In about 1923, when Salvador attended college, he began experimenting with a new style: Cubism. Most of Dalí’s friends were still experimenting in impressionism, which Dalí had mastered many years before, and he wished to try something new. It is believed he may have first been introduced to Cubism from a catalogue in the Pichot household.

Self-portrait in a studio. A good example of an impressionist piece. Strong oranges and yellows, and think brushstrokes, produce a rough texture, common in Impressionist pieces which broke away from previous smooth, carefully mixed pieces.

In this period the works of artists such as Picasso influenced him, although this phase of art did not last long. Once he was expelled, he travelled, and in Paris in 1928, he actually met Picasso. After this encounter, he began experimenting further with art and materials. In one painting, of sand, he actually stuck sand onto his canvas. He moved away from Cubism, into the bizarre world of surrealism and his dreams, for what he is more famously known.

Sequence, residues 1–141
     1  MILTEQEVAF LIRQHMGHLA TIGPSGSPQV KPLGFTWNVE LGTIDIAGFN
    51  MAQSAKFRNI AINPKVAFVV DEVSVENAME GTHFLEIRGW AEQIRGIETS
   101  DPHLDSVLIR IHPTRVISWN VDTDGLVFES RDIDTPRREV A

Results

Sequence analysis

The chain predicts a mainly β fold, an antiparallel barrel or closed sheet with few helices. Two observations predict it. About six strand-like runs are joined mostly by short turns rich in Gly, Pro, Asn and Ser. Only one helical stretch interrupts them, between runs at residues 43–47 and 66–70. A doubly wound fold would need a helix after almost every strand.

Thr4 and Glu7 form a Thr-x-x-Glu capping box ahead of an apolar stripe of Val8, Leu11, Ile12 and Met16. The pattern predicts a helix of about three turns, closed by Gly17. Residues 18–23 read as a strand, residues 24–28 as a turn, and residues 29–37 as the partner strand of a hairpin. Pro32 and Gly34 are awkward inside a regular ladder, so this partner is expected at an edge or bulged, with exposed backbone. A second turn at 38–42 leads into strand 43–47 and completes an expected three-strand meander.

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Surreal Years

Between 1929 and 1937 Dalí painted in a new style, that made him world famous, as one of the greatest painters of this style – surrealism. In 1929, Dalí moved to Paris, joined the Paris Surrealists, and met Gala Eluard, the wife of a French poet, Paul Eluard. Although she was married, as soon as they met, the pair became inseparable. She was officially divorced to Eluard in 1932, and in 1934 she and Dalí married.